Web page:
The Alumni Magazine of The University of Texas
AUSTIN, Texas — Training helped, students helped, but The University of Texas also got lucky today. A gunman opened fire in the open air on campus but did not hit anyone. In the end, he killed only himself.
"We're very fortunate," Austin mayor Lee Leffingwell said, "that there were no other casualties other than the perpetrator."
The shooter, an apparent UT student who has not yet been identified, was spotted carrying a gun just after 8 a.m. He shot off at least four rounds of 7.62mm ammunition from an AK-47 on 21st Street, near the Littlefield Fountain, Austin police chief Art Acevedo said at a press conference just four hours later.
Police followed him into Perry-Castañeda Library, Acevedo said, where the man turned the assault rifle on himself without the officers firing a shot.
Students kept pointing police in the direction the shooter had gone, Acevedo said.
SWAT teams and helicopters continued to search for a possible second gunman for hours afterward because witnesses gave different descriptions of the shooter, UT police chief Robert Dahlstrom said. But by noon, he said, police felt "very comfortable" that buildings had been swept and there was no more threat.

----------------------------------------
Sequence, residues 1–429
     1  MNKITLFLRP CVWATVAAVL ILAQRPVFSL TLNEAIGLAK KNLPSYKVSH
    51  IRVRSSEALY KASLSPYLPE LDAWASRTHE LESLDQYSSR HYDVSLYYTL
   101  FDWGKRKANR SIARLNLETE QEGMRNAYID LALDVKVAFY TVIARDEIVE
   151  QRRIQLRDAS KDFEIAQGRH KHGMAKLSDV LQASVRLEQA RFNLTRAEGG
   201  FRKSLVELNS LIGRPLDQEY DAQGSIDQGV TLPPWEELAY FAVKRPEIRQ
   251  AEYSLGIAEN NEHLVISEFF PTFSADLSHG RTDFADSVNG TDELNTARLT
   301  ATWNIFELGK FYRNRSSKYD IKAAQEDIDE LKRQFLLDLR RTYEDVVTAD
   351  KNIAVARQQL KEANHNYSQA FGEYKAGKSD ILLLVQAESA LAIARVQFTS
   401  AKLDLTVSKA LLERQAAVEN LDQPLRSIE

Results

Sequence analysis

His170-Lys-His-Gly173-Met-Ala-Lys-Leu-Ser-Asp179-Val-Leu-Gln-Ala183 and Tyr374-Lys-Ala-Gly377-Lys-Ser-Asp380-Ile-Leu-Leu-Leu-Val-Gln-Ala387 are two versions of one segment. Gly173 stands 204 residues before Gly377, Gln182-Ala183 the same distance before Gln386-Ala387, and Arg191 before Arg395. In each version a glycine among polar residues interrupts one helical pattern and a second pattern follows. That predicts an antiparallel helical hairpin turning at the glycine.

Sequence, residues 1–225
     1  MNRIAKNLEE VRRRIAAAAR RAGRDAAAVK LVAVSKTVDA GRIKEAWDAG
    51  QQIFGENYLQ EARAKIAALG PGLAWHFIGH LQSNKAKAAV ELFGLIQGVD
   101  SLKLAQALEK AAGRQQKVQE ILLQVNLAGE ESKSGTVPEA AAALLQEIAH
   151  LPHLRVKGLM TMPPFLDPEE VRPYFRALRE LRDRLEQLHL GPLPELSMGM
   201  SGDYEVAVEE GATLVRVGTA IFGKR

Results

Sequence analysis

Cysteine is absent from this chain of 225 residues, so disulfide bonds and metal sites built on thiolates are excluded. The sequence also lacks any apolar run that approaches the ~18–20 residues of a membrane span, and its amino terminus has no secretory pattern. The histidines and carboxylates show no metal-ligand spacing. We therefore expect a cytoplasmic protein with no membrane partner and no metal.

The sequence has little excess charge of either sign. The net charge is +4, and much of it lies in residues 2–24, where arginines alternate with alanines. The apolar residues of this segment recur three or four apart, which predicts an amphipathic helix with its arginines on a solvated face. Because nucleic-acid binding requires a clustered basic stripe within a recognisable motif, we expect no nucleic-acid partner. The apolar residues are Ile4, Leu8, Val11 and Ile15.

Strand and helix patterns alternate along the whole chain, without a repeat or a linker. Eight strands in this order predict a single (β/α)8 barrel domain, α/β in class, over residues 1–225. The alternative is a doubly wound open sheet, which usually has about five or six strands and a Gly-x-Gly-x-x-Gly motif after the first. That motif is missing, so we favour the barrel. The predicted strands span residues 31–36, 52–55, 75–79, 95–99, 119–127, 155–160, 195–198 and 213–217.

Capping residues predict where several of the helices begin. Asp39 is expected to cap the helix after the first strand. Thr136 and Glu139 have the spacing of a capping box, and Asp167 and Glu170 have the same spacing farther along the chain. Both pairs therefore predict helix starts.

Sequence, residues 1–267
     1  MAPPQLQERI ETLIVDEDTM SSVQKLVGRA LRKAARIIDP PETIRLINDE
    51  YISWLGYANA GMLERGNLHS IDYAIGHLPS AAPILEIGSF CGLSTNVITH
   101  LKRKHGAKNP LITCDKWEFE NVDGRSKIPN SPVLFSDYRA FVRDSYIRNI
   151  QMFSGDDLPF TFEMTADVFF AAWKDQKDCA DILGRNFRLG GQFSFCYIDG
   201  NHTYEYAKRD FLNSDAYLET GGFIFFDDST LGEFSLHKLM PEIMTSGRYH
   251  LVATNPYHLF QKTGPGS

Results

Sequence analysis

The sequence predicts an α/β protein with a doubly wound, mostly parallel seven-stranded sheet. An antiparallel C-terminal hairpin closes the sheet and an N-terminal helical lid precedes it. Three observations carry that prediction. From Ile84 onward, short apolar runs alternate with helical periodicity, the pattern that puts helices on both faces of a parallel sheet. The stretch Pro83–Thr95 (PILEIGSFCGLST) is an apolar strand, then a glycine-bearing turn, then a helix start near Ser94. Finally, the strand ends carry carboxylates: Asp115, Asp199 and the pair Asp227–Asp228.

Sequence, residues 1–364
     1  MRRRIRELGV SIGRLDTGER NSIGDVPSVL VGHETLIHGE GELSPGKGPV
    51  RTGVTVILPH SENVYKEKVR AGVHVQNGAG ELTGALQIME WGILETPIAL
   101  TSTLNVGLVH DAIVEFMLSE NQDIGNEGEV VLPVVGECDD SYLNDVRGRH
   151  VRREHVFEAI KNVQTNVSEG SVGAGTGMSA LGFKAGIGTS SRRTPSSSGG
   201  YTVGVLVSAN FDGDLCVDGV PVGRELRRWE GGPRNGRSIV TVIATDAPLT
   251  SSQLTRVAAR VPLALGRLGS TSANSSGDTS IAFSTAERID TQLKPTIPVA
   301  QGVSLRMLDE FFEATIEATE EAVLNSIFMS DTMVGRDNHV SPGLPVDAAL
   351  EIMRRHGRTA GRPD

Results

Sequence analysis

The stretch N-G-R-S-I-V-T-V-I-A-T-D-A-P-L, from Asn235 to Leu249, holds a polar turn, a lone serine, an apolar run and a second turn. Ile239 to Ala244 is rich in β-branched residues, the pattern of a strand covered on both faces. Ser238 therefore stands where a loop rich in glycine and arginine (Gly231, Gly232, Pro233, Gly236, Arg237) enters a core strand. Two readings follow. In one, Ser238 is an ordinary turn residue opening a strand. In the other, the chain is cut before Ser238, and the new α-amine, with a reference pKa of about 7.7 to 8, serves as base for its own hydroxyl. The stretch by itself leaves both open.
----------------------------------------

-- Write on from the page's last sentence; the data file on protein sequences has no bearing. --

Drills that UT police had conducted as recently as two weeks ago helped them respond quickly, Dahlstrom said. "There's no doubt that training paid off in this situation and prevented what no doubt would have been a much more tragic situation," he said.
UT president Bill Powers discussed the communication by the University's Crisis Management Team. Text messages (which are sent to some 43,000 people) and social media helped get the word out to students straightaway, he said.
By the time Acevedo arrived on campus, he said, "It became readily apparent to me that The University of Texas at Austin was prepared for this situation."
Campus, which is still strung with yellow tape, is closed for the day.
Read more about the shooting on The Alcalde.